“IF YOU WANT TO GET LAID, GO TO COLLEGE. IF YOU WANT AN EDUCATION, GO TO THE LIBRARY” – FRANK ZAPPA
In this tough moment of lockdown, we want to re-share with you a piece by the architect Patrizia Catalano, “Bibliophilia”, published on DRY Issue #1, in relation to a scene from the 1997 movie “Will Hunting” starring Robin Williams and a young Matt Damon. Both works are of great inspiration to reflect on the importance of reading books, and then, now that the “temples” of libraries are closed, to encourage all of you to make your home your own independent library. So stay safe and read anything you like!
“I suspect that the human species – the unique species – is about to be extinguished, but the library will endure: illuminated, solitary, infinite, perfectly motionless, equipped with ferocious volumes, useless, incorruptible, secret.” – Jorge Luis Borges, “The Library of Babel”, 1941
Bibliophilia by Patrizia Catalano
In the preface of his ‘The Books in My Life’ Henry Miller writes “one should read less and less, not more and more,” and then adds: “I have undoubtedly read a hundred times more than I should have read for my own good.” That was back in 1952. Miller alludes to the need to choose the books that count for our life experience, and in his typical style he seems to buck the current with respect to all those who recommend reading as an indispensable elixir of personal growth. The German photographer Candida Höfer inserts in her repertoire of excellent works of architecture, “where what counts is the relationship between light and space,” large libraries portrayed as splendidly chilly, magnificently empty places. A Calvinist order for one of the places that fascinates us most by virtue of its implicit complexity.
But the library, as Borges suggests, is a labyrinth, an image of the infinite universe that is more like an inferno of the mind, a place where knowledge gets cancelled out. The Library of Babel foresees the challenges of the contemporary imaginary, where the virtual clashes with the real through the infinite network of its space-time nodes. We can find Borges’ library, his nightmare, the infinite sequence of hexagonal rooms and identical volumes, at any moment in our tablets, our computers or telephones, in the augmented realities that obscenely multiply the image of humankind like mirrors. Space is mobile, as is time, and the library stops being a place to become a space. A perspective shared by Haruki Murakami, who in his latest book ‘The Strange Library’ traps the young protagonist in the secret underground zones of a mysterious library run by dour old man, a fellow in sheepskin and other strange, curious characters.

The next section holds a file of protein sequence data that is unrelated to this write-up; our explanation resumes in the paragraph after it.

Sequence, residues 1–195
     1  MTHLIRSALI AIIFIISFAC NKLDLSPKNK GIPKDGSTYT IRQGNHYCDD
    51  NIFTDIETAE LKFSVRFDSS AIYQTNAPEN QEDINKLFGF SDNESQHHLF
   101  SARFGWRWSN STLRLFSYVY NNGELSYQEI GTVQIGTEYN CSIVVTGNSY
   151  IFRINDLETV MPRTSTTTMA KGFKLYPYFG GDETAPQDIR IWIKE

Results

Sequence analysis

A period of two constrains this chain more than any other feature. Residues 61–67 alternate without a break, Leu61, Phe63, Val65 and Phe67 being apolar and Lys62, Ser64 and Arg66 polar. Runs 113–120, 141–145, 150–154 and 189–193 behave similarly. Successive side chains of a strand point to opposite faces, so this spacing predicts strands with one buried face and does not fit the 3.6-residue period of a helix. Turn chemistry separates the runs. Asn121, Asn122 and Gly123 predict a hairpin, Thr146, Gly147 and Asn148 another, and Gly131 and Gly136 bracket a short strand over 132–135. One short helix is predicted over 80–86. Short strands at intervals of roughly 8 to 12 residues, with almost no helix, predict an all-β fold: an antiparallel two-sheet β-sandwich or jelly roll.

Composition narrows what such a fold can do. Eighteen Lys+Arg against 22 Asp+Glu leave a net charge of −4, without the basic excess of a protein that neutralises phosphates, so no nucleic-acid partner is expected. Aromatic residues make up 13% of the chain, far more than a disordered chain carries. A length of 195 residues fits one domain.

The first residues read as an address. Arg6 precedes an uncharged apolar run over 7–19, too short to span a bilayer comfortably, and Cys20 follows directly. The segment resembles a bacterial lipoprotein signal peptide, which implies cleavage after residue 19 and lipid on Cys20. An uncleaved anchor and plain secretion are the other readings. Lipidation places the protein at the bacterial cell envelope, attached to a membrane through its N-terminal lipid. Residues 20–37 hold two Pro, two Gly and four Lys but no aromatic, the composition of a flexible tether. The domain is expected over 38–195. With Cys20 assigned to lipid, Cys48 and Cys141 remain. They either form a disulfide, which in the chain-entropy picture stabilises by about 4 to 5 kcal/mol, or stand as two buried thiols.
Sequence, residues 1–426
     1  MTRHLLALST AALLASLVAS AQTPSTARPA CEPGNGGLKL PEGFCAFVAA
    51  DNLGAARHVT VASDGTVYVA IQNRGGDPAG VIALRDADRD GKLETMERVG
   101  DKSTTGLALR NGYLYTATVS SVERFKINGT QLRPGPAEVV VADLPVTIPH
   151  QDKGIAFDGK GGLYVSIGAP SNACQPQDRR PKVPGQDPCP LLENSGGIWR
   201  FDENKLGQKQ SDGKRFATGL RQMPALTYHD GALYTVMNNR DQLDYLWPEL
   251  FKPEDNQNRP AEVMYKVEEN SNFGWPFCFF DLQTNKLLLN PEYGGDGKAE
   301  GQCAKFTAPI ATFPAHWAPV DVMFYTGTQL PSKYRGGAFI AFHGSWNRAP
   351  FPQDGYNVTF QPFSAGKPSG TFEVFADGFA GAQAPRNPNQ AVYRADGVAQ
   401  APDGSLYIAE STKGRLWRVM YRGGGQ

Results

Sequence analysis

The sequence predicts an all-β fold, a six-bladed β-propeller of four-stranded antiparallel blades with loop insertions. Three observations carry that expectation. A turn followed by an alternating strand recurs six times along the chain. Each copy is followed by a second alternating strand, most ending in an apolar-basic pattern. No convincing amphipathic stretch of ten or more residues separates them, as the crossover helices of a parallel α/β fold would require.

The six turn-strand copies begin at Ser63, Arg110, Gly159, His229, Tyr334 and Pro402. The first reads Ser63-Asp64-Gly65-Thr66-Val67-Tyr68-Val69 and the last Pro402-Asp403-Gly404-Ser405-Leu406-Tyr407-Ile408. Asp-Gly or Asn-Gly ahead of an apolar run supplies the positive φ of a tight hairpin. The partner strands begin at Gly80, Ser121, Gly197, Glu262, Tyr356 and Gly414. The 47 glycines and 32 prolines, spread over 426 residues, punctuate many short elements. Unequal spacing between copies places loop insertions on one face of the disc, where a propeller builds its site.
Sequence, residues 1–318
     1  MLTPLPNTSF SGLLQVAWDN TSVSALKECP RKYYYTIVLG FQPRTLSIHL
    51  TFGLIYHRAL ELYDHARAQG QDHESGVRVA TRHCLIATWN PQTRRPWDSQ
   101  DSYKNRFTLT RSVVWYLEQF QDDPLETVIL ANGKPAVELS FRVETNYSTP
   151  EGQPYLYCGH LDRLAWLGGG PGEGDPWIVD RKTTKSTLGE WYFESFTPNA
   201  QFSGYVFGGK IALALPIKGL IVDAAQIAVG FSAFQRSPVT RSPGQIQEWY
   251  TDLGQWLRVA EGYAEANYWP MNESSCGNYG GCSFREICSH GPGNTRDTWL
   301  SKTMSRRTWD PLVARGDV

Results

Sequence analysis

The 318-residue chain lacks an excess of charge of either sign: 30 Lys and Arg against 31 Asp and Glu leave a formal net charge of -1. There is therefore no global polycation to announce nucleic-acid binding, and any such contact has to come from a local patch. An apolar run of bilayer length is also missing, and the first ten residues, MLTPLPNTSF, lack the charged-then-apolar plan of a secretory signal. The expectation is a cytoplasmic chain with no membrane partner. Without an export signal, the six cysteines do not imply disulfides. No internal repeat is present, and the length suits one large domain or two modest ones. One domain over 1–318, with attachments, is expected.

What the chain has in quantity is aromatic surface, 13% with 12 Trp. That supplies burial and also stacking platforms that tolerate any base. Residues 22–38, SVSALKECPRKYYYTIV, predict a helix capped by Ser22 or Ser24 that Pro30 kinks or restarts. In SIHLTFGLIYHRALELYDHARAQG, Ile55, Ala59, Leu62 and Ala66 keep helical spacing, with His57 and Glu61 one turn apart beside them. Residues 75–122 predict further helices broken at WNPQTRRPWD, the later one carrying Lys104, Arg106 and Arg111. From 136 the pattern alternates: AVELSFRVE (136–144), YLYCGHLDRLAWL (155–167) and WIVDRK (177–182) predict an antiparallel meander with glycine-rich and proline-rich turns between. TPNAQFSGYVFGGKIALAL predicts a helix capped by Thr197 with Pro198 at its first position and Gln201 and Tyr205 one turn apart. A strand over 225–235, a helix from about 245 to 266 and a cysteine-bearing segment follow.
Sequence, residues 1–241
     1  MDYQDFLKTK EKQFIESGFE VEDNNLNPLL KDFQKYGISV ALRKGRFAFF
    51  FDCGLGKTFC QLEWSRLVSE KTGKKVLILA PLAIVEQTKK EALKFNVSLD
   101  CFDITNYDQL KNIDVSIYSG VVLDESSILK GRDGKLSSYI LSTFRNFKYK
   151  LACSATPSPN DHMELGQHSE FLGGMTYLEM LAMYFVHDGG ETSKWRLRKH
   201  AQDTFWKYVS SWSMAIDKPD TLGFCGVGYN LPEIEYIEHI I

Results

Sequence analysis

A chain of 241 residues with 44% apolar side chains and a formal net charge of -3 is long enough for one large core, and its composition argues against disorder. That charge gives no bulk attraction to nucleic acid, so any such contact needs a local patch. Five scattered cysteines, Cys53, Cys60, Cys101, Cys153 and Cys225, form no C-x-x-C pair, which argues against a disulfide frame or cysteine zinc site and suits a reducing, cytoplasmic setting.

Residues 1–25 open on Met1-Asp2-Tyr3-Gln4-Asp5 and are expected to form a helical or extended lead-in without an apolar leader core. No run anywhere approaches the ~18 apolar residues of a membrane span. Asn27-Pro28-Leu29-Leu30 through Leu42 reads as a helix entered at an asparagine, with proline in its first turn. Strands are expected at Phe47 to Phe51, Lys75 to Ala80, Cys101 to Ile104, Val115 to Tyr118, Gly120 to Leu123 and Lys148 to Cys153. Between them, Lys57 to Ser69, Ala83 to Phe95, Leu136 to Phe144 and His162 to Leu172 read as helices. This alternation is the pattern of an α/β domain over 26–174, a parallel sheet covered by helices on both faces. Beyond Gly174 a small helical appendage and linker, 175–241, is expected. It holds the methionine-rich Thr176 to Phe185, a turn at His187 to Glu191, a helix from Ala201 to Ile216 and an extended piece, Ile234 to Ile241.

Today people are reading again, more and better. Books (on paper) are making a comeback with respect to their digital brethren. Above all, reading is back as a public pleasure, like coffee or eating out, to be shared in specially designed venues. In Washington the closing of Barnes & Noble, the famous American bookstore chain (lost our lease!) has brought the capital the distinction of being the only American city with only independent bookstores. An independence reflected in the diversification of offerings. This seems to be the mantra now, channeled by the social networks, thanks to rankings of the most interesting and original booksellers of the moment. From bookstores that stand out for their location, like the Polare in Maastricht, in a Dominican church from the 1200s, or El Ateneo Grand Splendid in Buenos Aires, housed in a former theater from the 1920s, to venues whose appeal is their originality, like Acqua Alta in Venice, with books presented in old gondolas and bathtubs, the Cook & Book bookshop + restaurant in Brussels, and The Last Bookstore in Los Angeles, with its 250,000 new and used volumes and a fine selection of vinyl records “to combat the virus of Amazon day by day.” All the way to bookstores – maybe the most fascinating – that are famous because their customers have included great writers: Librairie des Colonnes in Tangier, a favorite of Samuel Beckett, Paul Bowles and Marguerite Yourcenar, or Shakespeare and Company in Paris, frequented by Ezra Pound, James Joyce and Ernst Hemingway.